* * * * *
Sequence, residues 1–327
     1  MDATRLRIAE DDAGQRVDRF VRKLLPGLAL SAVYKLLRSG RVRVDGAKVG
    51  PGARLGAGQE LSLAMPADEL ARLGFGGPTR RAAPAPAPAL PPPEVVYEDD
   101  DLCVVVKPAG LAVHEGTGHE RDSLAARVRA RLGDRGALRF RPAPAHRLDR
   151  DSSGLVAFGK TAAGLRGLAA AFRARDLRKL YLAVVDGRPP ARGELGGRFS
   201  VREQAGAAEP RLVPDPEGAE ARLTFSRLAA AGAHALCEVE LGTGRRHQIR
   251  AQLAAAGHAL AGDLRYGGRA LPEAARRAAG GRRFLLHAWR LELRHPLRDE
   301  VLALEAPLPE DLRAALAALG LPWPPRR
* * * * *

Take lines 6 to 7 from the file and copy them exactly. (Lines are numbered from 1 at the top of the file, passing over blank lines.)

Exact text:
   201  VREQAGAAEP RLVPDPEGAE ARLTFSRLAA AGAHALCEVE LGTGRRHQIR
   251  AQLAAAGHAL AGDLRYGGRA LPEAARRAAG GRRFLLHAWR LELRHPLRDE